Inflation, Market Volatility, and Your Mind
It is important to acknowledge our biases.
As if investors needed any more calamities to deal with, rising inflation, market volatility, and recession scares have been dominating headlines and our wallets.
During times like these, many investors may feel the need to understand these occurrences and the immediate impact they can have on their finances, and there are plenty of resources on this site to help navigate this ever-evolving situation. However, as we all devour every article with the word “recession” in the title or watch every drop and rise in the market, it is important to acknowledge our biases.
Our minds tend to take shortcuts when making decisions, some of which lead us to the wrong conclusions and actions. These shortcuts may sound harmless, but they can have a drastic impact on our finances. To make things worse, today’s current market environment can further exacerbate our biases, making them even more dangerous.
A scarcity mindset occurs when we feel like we have less than we need, whether that be insufficient money, time, food, social connections, or other essentials. This feeling can prompt us to make decisions we can later regret, which can then snowball, where one bad decision made under pressure can set up the stage for another. In fact, research has found that scarcity can impact our neural mechanisms when making decisions, decreasing activity in the part of the brain that plays a role in goal-directed decision-making. Given today’s higher prices, many of us may be starting to feel the pinch in our wallets and find ourselves exhibiting a scarcity mindset.
“Well, at least you tried.” This common consolation can be comforting and justified in many decisions, but not all. In some situations, it can actually be better to do nothing at all. The problem is that our minds want to take action. In our minds, it hurts less to try something and lose, compared with doing nothing and losing anyway. During times of market volatility, if investors don’t calmly think about the appropriate course of action and give in to action bias, it can make losses objectively worse despite feeling subjectively better.
One of the most well-known and often-cited behavioral biases, loss aversion, can be especially prevalent during market volatility. Specifically, a 10% portfolio loss feels more intense than a 10% gain for many investors because we are loss-averse: Experiencing a loss generally feels twice as bad as gaining the same amount feels good. This strong emotional reaction to losses can cloud our judgment during times of volatility.
Unfortunately, our biases are part of what makes us human, and we can’t erase them completely, but that does not mean that all hope is lost. The first step to combatting our biases is to understand and acknowledge them. For example, when the market drops and your gut tells you to sell now, take a moment to recognize that emotion is a possible example of action bias. Besides just accepting our biases, here are a few things we can do to make sure they don’t wreck our finances:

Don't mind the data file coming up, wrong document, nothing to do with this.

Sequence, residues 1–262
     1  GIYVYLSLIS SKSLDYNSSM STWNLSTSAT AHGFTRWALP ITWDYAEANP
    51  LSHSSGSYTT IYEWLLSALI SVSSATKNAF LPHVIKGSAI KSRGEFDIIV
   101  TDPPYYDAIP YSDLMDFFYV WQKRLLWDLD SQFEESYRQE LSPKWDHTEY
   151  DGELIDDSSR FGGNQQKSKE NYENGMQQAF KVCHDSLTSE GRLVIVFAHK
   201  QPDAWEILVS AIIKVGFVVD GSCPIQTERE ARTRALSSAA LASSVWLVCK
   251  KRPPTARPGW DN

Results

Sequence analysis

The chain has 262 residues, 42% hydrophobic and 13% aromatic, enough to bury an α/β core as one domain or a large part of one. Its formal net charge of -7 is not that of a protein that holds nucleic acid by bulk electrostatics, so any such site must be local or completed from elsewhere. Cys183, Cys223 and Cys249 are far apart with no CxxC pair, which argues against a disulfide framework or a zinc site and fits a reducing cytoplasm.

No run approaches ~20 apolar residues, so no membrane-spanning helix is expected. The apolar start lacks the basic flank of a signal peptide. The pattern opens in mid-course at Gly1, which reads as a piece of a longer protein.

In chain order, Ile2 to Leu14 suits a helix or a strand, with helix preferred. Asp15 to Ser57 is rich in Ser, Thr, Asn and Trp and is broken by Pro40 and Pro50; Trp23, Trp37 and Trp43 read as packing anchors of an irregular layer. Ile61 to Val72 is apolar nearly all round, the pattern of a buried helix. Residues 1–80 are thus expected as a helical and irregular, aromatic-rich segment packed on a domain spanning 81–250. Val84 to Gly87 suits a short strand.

1) Reframe performance.
Is your financial goal to get the most returns possible? Or is it to have a comfortable retirement or buy a lake house in a few years or save for your 2-year-old child’s college costs? For many investors who have already tailored their financial plans to their long-term goals, short-term fluctuations may not be too big of a concern. When considering the performance of your portfolio, keep your long-term goals in mind and not the day-to-day ups and downs of the market.
2) If you need to take action, take thoughtful action.
Instead of trying to suppress the urge to act, a better strategy may be to redirect it. For example, instead of looking to see what losing investment to sell, spend your energy making sure your financial plan is on track to meet your goals. This could involve making sure your portfolio is well diversified or making sure your emergency savings fund is well stocked. Or, if a scarcity mindset is getting the better of you, now may be a good time to do a budget audit to cut down on any unnecessary expenses.
3) Stay connected, but not too connected.
Constant market updates can put anyone on edge, especially during market volatility. It’s important to stay connected and up to date on world news, but constant monitoring of media feeds can trigger behavioral biases. There’s a line between being an informed investor and obsessing over every market movement and, especially during times of market volatility, this line can become more and more blurred. Try setting up a regular schedule for how often you check your portfolio or even the market news. And, while you’re at it, maybe cut down on the number of news alerts you receive on your phone.
We all know to expect things like market volatility and inflation, but the emotions we feel while they occur can be even more dangerous than market movements themselves. When stress and anxiety are high, it’s easy to give into our biases and let them cloud our better judgments.
The interventions above can help us overcome our biases, not do away with them. Using techniques from behavioral science, we can work to prevent biases from derailing financial plans by making it easier to make the right decision when it counts and staying focused on our long-term goals.